Celebrating 125 Years of Publishing
Celebrating 125 Years of Publishing
Cloth ISBN: 9780804741071
“What is time then?” asked St. Augustine some 1,600 years ago. It was a question he could not answer, and over the centuries that followed, it was one that few scholars dared to address. Yet there are answers to this question of the true nature of time, and this book discusses several of them as a means of approaching its central concern: that humanity creates a variety of times and these different times affect the experiences of life—as times vary, so does life. Not so much focusing on watches, clocks, and calendars (though these are covered), the author argues that time is a fundamental component of the technological development of humanity.
The book addresses the relationships between time and life on three fundamental premises: (1) all times are not the same, (2) all times are social constructions, and (3) the times humanity creates direct the way humanity lives. The book addresses the major ways in which times differ (polychronicity, speed and punctuality, and orientation to past, present and future), how these differences are coordinated (entrainment), and how these differences affect human life, including such extreme effects that produce the best and worst of times. Building on these differences and the effects they produce, the author examines the possibility of humanity consciously creating more good times than bad. Throughout the analysis, a vital connection between time and life gradually emerges, namely, the impact of time on the meaning of life itself.
Materials from several disciplines inform the discussions, notably theory and research from the social and behavioral sciences, in particular the organization sciences. The author uses historical examples extensively throughout the book, but also presents new results that derive from original data he has collected.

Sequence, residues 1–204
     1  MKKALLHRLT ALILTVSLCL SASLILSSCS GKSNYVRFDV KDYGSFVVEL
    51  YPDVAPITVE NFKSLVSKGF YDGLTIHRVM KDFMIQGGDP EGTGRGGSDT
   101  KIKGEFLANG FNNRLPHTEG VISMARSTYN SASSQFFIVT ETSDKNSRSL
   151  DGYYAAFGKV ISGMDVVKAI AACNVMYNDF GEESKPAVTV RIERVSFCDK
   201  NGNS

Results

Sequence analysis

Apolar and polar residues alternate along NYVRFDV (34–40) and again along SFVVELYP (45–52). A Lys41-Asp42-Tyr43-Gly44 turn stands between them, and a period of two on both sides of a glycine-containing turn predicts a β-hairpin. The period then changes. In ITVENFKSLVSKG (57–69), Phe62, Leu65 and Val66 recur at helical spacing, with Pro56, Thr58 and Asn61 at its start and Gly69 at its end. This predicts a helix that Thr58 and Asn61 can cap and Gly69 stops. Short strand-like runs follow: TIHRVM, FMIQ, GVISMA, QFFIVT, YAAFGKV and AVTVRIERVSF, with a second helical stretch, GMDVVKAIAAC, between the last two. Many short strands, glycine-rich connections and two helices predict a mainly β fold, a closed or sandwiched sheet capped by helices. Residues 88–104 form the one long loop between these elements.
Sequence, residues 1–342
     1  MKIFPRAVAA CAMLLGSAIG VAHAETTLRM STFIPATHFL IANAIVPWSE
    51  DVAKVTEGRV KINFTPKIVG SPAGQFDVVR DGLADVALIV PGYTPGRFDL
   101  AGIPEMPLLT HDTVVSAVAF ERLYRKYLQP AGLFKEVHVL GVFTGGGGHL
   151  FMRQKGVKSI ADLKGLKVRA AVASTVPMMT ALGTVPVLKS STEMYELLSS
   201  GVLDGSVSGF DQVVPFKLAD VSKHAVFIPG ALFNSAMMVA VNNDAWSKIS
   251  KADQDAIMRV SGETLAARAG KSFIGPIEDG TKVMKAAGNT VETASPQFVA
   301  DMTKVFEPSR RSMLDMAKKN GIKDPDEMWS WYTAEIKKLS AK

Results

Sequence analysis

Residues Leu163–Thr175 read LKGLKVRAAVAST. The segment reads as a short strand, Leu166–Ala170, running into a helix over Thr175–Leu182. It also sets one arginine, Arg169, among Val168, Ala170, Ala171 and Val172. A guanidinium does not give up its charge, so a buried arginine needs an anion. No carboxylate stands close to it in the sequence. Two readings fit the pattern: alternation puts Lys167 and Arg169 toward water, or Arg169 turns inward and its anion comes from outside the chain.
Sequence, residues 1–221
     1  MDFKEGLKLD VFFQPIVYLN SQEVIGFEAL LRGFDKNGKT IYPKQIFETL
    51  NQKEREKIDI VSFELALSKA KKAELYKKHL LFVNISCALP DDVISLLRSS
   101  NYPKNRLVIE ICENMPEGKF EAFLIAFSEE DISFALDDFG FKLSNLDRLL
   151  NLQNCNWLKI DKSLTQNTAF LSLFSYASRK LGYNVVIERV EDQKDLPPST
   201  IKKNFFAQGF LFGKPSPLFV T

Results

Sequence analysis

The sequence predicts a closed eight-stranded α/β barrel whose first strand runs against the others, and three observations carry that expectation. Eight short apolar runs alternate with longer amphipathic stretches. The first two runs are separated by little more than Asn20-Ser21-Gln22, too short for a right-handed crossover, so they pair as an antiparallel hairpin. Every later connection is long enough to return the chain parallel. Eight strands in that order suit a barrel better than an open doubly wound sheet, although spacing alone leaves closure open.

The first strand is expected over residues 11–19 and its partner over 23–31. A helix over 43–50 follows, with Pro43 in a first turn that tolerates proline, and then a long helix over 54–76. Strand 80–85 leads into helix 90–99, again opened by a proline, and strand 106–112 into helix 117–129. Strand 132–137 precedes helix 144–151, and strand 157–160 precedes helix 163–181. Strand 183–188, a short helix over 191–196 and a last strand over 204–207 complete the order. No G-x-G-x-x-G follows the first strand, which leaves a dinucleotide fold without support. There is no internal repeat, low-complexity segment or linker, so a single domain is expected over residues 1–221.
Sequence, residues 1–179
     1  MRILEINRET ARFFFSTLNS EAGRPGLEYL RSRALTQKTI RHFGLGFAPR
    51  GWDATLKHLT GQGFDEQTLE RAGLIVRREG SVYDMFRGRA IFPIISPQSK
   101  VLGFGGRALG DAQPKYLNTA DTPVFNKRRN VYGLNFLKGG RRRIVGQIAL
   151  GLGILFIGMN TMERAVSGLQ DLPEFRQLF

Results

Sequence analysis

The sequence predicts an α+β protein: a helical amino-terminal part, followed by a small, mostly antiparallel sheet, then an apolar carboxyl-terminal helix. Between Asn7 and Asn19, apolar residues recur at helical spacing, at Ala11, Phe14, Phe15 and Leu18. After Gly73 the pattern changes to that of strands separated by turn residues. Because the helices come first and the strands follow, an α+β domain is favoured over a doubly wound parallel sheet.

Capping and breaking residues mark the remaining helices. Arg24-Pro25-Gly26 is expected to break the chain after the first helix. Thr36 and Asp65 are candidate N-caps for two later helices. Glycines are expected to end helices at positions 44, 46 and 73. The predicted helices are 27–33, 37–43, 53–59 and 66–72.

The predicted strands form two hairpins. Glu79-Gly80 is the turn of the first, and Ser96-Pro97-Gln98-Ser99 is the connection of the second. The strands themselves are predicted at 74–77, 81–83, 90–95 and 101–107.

The book will be valuable not only to those involved in the management and organization sciences, but also to sociologists and psychologists, who have largely avoided coming to terms with one of the central issues of human life—time.
About the author
Allen C. Bluedorn is Professor of Management at the University of Missouri-Columbia.
"This is a wonderful and important book, full of fascinating information, insights, conjectures, and constructs. Bluedorn forges a compelling, often brilliant, case for the importance of time, and of our roles as current stewards of the temporal commons. The scholarship is impeccable. The book's language-sensitive, evocative, sweeping-is often transcendental. From the Big Bang to the Bolshevik revolution to the puzzles of Deep Time, from the social construction of zero to the theory of relativity, from the clock in the Royal Tower of Charles V to the Atomic Watch, from a time capsule on Omaha Beach to the Vietnam Memorial, from the gates of Trenton State Prison to the gates of Dante's Inferno, from hominids of the Great Rift Valley to zebras of the Serengeti, the book weaves a compelling fabric of temporal threads. Bluedorn has found power and poetry in time."
—Ramon J. Aldag, University of Wisconsin, Madison
"The Human Organization of Time is a broad look at how we truly think about time. It unifies the many human patterns of time-scale concepts and gives depth and perspective to a complex field. Thorough and insightful, it will become the standard work."
—Gregory Benford, Department of Physics, University of California, Irvine and
author of Deep Time
"Recently, there has been an explosion in research on time. This book provides a much needed summary of that work. The Human Organization of Time will prove a valuable resource to anyone interested in temporal research in organizations."
—Leslie Perlow, Harvard Business School.
"A remarkable and original contribution to our understanding of the social construction of time and its effects on people and organizations. Playing off against a backdrop of work preoccupied with enduring and stable features of social life, Bluedorn underscores the importance of temporal features—pace, tempo, rhythm, entrainment, and historical turning points."
—Alan Meyer, Lundquist College of Business, University of Oregon
"...I found the book intriguing, provocative, and valuable. I applaud Allen Bluedorn for having done the field a great service, creating a masterpiece of and on time."
—Mark A. Mone, School of Business Administration, University of Wisconsin-Milwaukee